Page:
One of the most useful tools for an early-stage startup is the founders agreement (or shareholders agreement). The founders agreement is not the agreement where the company issues stock to the founders; we call that a stock purchase agreement. Rather, it’s part roadmap and part accountability document.
Questions to Ask When Creating a Founders Agreement
Here are some of the key issues that founders should cover in a founders agreement:
How will founders split the equity?
The lazy approach is to divide up the equity equally among the founders, but that may not be fair based on what each founder is actually contributing in terms of money, time, expertise, etc. You can read more about splitting the founders equity here.
What kind of vesting will apply to each founder’s stock?
The most common approach is “4-year vesting with a 1-year cliff”, which means that the stock vests over 4 years, with 25% vesting at the end of the first year, and the remainder vesting in equal monthly installments for 36 months. When this type of vesting is used, the stockholder owns his or her stock outright from Day 1, with voting and dividend rights, but the startup has the right to repurchase the unvested stock at the original cost if the stockholder leaves the company before the end of the vesting period. This protects the startup from having someone depart with a large chunk of unearned stock. Read more about the importance of vesting here.
What are the roles and responsibilities of the founders?
This is the accountability part of the founders agreement. What role will each founder take? Will each founder be working full-time? If a founder is working part-time, what will the minimum number of hours/week be, and will that founder be expected to go full-time at some point?
What money or other assets will each founder contribute?
If a founder has developed specific intellectual property, such as software or a patent, you can use the founders agreement to obligate that founder to contribute those assets to the company (but don’t forget to also document the actual transfer through an intellectual property assignment agreement). Similarly, if a founder is going to contribute a certain amount of cash, document that in the founders agreement.
How will founders be compensated?
It’s common for founders of early-stage startups to get no compensation other than their stock in the company, with the potential for its increase in value through their efforts. Indeed, founders should have enough in personal savings to live on for at least a year. Once the company has started generating revenue or has raised a significant round of financing, it’s reasonable for the founders to start taking a salary, but don’t expect it to be market-rate as if you were working for an established company.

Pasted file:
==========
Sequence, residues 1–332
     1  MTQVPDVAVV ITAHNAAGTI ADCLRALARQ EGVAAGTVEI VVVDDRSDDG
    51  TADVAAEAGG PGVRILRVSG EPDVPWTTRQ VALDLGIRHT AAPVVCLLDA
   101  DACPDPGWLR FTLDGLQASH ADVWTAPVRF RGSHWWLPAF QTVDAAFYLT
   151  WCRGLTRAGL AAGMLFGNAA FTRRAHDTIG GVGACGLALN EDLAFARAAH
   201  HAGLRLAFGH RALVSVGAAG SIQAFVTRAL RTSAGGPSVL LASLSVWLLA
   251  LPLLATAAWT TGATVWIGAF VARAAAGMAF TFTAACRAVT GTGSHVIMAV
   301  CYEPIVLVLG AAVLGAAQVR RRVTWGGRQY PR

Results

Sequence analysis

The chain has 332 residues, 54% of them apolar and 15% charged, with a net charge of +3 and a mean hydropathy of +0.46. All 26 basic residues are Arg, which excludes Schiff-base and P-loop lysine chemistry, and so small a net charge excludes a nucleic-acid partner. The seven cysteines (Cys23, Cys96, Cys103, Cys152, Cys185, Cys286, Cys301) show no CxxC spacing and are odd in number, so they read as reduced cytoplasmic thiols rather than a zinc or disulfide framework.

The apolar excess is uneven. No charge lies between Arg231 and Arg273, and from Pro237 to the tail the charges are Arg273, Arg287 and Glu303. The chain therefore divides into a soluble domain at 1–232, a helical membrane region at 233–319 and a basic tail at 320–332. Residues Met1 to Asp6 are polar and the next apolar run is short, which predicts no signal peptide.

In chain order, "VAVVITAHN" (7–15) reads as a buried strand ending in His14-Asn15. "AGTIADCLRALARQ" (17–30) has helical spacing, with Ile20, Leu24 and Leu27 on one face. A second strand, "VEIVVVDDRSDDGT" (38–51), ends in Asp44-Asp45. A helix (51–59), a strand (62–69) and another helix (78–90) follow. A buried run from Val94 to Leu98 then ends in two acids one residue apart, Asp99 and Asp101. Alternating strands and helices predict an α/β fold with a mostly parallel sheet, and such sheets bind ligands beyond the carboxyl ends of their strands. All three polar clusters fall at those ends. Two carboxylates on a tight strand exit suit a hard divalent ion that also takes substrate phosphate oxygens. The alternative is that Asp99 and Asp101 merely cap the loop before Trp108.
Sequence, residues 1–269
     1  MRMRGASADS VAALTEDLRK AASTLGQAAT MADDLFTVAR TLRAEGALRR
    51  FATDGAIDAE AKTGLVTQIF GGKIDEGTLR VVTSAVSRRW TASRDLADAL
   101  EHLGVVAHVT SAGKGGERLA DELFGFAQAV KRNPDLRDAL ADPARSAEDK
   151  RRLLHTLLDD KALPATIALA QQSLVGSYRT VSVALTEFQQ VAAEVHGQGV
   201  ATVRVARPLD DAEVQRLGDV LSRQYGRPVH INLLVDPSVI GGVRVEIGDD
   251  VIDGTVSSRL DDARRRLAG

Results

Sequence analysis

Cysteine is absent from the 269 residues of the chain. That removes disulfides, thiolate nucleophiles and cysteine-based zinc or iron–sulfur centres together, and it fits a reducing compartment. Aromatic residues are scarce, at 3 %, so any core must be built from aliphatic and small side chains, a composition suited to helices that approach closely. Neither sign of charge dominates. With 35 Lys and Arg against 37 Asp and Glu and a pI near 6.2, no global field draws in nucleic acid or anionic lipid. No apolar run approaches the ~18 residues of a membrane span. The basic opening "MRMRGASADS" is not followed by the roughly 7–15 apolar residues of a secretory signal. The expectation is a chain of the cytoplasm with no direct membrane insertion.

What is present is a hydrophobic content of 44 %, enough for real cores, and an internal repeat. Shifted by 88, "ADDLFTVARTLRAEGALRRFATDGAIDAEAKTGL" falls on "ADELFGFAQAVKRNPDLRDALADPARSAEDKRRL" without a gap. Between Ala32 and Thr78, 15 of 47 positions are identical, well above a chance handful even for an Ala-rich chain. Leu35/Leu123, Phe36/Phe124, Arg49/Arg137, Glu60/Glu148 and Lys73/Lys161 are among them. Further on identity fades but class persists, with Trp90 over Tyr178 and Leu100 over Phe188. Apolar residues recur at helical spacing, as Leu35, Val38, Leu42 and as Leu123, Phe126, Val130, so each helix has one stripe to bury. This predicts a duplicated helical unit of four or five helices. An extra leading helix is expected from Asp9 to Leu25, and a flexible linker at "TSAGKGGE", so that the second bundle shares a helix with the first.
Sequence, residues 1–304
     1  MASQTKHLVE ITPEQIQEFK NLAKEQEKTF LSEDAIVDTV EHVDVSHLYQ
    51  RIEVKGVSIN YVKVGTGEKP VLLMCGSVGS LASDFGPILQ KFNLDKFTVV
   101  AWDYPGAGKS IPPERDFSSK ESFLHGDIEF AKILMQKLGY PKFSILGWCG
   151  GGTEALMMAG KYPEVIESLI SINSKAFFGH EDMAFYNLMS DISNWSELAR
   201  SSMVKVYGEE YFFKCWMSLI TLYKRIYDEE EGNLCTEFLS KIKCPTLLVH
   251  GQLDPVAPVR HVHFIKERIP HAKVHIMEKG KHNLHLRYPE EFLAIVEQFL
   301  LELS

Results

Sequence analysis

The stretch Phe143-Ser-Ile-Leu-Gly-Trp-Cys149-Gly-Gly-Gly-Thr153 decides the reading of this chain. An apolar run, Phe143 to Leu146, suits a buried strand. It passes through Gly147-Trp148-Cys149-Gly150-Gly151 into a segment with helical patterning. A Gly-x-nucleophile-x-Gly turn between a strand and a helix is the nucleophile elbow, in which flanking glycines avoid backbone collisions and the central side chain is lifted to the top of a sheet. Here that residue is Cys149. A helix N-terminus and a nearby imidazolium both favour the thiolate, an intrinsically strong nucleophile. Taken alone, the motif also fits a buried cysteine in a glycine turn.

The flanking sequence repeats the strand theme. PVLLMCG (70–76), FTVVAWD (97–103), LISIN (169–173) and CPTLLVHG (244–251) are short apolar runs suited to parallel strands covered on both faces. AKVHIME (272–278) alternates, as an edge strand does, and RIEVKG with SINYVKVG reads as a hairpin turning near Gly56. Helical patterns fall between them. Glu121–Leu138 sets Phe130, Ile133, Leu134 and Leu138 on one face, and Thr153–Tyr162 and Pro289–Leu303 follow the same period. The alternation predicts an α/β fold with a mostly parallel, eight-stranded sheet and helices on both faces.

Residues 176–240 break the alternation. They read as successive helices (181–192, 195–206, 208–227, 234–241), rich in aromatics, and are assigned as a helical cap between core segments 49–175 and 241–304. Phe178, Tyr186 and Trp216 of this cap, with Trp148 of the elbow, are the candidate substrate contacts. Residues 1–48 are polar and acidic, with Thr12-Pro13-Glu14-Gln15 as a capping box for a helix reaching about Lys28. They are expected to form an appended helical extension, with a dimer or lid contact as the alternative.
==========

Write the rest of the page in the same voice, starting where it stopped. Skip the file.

How will important decisions be made?
Corporations have a very specific governance structure, unlike LLCs, but in the early years, it’s possible to introduce some flexibility on decision-making. If you want to specify that certain decisions require super-majority or unanimous approval, the founders agreement is a good vehicle for doing so. Otherwise, the default rule is that holders of a majority of outstanding stock decide matters put before the stockholders, a majority of the members of the board of directors decide board matters, and the CEO decides most lower-level day-to-day management decisions.
How do you remove a founder?
It’s quite common for there to be a falling out among founders, or for one founder to drastically reduce his or her contributions. So how do you remove that person? Typically this would be a decision for the board of directors, but in some cases, it might require a stockholder vote. Beyond just the process of removing someone, it’s useful to also spell out some criteria that would justify the removal of a founder.
What is the goal or vision of the business?
The founders agreement is also a good vehicle for defining what the goal and vision of the business will be. This can be the core of a set of principles and goals that will help the founders define and maintain company culture as the startup grows.
By taking the time to address these issues in a founders agreement, would-be founders can build a solid foundation for developing a strong and successful startup. As issues arise, startup founders can return to the founders agreement to determine whether everyone is living up to their responsibilities and whether the company is on track, consistent with the original vision. And often, the process of working out a founders agreement that addresses these topics will reveal whether all the founders are truly aligned and committed.